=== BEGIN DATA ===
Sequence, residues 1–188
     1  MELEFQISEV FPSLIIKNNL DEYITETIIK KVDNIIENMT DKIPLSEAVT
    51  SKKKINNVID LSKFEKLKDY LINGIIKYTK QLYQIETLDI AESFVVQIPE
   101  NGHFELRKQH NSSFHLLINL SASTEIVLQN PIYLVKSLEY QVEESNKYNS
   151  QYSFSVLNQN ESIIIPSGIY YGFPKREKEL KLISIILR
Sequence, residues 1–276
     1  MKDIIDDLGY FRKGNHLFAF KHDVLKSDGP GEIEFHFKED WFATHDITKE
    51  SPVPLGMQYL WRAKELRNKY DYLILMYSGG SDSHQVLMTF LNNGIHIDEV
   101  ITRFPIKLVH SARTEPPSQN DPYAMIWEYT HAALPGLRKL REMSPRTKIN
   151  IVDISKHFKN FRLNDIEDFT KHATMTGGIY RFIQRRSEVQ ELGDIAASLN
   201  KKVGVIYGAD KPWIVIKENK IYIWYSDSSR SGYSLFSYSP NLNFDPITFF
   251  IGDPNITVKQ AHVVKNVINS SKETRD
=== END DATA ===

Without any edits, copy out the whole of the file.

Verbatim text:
Sequence, residues 1–188
     1  MELEFQISEV FPSLIIKNNL DEYITETIIK KVDNIIENMT DKIPLSEAVT
    51  SKKKINNVID LSKFEKLKDY LINGIIKYTK QLYQIETLDI AESFVVQIPE
   101  NGHFELRKQH NSSFHLLINL SASTEIVLQN PIYLVKSLEY QVEESNKYNS
   151  QYSFSVLNQN ESIIIPSGIY YGFPKREKEL KLISIILR
Sequence, residues 1–276
     1  MKDIIDDLGY FRKGNHLFAF KHDVLKSDGP GEIEFHFKED WFATHDITKE
    51  SPVPLGMQYL WRAKELRNKY DYLILMYSGG SDSHQVLMTF LNNGIHIDEV
   101  ITRFPIKLVH SARTEPPSQN DPYAMIWEYT HAALPGLRKL REMSPRTKIN
   151  IVDISKHFKN FRLNDIEDFT KHATMTGGIY RFIQRRSEVQ ELGDIAASLN
   201  KKVGVIYGAD KPWIVIKENK IYIWYSDSSR SGYSLFSYSP NLNFDPITFF
   251  IGDPNITVKQ AHVVKNVINS SKETRD